Writer and columnist Santosh Desai adds that Modi can expect some support from the middle class because he is seen as “coherent, someone who represents strength and clarity”. This is bolstered by the disenchantment with the present regime. “With Rahul Gandhi, the middle class isn’t even sure if he wants to lead or not. In this sea of political expediency, the idea that Modi can lead it out of this mess is an attractive idea,” he says. “But this has limited traction, as the middle class has never determined political outcomes, and the neo-middle class is an untested political formulation. We tend to overstate the power of the middle class—always have, always will.”
“Modi is seen as coherent, one with strength, clarity. The idea that he can lead India out of a mess is attractive.”
Santosh Desai, Writer and columnist
The promise of an efficient government is Modi’s biggest draw, Pavan K. Varma, author of The Great Indian Middle Class, points out. “Governance is a major concern for the middle class in the working of our democracy. Its delivery has an appeal that transcends all classes.” But is it enough to see him through to Delhi in 2014? Varma acknowledges that the idea (governance helping a candidate win an election despite the odds) has never been tested. “There are issues with Modi. Something that is possible in Gujarat, with a large commercial class, cannot be assumed to be so in India that has a diverse ethnic base,” he adds.
What may help Modi further is his humble origin—he is an OBC and helped his brother run a tea stall as a teenager. Seen as one who has risen thus, it makes him one of the ‘neo-middle class’. “He is someone who has not had it easy,” says Ahmedabad-based social scientist Ajay Dandekar. “Rahul Gandhi has made honest efforts to reach out to the aam aadmi, but Modi is likely to have an edge just because of his humble background.” When Modi was featured on the cover of Time magazine earlier this year, the state BJP talked him up as the first Indian OBC leader to get that distinction.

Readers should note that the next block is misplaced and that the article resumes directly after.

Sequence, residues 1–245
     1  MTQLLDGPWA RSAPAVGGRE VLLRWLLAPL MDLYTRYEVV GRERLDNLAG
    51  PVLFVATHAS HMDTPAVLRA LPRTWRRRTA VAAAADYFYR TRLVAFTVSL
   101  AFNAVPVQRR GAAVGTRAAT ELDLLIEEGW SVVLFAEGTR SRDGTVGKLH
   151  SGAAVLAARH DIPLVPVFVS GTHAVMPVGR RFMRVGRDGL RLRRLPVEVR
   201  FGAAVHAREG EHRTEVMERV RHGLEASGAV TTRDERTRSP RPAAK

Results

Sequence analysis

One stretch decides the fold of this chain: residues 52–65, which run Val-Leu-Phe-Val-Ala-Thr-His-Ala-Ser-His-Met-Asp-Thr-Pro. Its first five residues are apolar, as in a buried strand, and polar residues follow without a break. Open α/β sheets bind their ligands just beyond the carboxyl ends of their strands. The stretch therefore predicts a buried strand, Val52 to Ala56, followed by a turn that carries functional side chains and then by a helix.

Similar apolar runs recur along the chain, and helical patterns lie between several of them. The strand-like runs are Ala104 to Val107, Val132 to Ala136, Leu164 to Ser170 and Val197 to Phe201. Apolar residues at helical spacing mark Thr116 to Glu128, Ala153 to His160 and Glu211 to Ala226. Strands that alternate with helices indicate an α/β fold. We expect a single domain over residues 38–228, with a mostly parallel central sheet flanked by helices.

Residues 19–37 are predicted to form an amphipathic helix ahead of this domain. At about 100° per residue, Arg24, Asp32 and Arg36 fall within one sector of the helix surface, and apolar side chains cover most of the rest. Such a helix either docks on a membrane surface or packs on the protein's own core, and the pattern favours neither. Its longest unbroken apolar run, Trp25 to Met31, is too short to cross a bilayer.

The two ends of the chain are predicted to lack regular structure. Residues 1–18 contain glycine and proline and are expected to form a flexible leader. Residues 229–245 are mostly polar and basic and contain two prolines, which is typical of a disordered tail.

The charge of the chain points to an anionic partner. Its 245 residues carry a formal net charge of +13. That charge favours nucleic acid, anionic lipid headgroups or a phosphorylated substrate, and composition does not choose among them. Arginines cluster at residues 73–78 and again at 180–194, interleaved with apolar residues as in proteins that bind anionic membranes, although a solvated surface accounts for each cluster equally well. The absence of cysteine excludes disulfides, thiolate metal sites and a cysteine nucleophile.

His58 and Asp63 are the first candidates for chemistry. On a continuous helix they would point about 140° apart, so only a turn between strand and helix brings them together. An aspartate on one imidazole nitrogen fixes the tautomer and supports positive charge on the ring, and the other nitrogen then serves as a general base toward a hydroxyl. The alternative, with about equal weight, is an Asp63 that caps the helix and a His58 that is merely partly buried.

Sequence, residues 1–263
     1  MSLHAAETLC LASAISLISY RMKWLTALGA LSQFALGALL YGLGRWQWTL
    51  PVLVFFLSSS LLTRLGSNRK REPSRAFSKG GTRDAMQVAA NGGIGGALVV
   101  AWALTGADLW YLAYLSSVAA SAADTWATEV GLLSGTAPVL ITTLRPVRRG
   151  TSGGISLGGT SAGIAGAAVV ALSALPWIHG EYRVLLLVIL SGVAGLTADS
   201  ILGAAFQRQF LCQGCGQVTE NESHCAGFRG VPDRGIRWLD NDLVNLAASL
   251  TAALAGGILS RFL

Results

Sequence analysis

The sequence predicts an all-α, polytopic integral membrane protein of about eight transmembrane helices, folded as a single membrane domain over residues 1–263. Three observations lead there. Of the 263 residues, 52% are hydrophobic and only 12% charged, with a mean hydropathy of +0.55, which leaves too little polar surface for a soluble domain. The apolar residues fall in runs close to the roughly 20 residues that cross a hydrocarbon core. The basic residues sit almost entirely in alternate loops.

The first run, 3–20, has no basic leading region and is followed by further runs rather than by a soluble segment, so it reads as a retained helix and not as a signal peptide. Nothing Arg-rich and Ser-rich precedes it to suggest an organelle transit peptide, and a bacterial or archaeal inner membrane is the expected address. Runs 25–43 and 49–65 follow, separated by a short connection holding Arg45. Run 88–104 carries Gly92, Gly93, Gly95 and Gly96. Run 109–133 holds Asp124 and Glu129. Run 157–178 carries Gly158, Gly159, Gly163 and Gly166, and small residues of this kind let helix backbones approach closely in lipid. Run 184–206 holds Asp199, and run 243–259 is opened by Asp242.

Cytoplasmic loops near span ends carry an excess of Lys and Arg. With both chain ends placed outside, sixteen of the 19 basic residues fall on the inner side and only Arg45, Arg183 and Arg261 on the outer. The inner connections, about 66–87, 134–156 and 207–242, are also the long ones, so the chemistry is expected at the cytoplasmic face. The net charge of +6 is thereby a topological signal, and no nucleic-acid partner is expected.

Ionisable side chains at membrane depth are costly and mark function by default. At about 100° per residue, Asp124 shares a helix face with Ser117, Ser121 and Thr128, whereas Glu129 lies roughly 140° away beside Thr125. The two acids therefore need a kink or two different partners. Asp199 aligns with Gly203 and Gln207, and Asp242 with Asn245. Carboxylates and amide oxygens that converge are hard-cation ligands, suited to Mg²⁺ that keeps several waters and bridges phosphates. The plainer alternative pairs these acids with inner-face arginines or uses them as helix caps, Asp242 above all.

“Rahul Gandhi has tried to reach out to the aam aadmi, but Modi is likely to have an edge due to his humble origins.”
Ajay Dandekar, Social scientist
But how does this endorsement square with the taint on Modi from 2002 and his refusal to apologise for having failed to prevent the riots? “This is 10 years old now. He may have done something, however reprehensible, to kickstart his career. I look at it more as a means to an end. We need to have a holistic view and not look at things in isolation. Modi’s accomplishments (since 2002) are something to be proud of and for others in power to aspire to,” replies Jain. “Overlook, condone, forget, move on,” is what he prescribes. This segues in with what sociologist Shiv Visvanathan wrote: “He is shrewd enough to realise that consumption, development and progress are all modes of forgetting. He asks that people forget his past to accept the future he is offering.”
However, Gujarat’s growth story has dark zones, such as its poor human development indices or the fact that it has the highest number of critically polluted areas, but this matters little for a middle class bent on improving its lot and, as political psychologist Ashis Nandy argues, dreams of the kind of development authoritarianism seen in Singapore and China. “The glittering Gujarat story has acquired an image they are willing to fall for uncritically,” adds Dandekar. Whatever critics say, Modi’s followers have a new slogan—Dilli dur nist.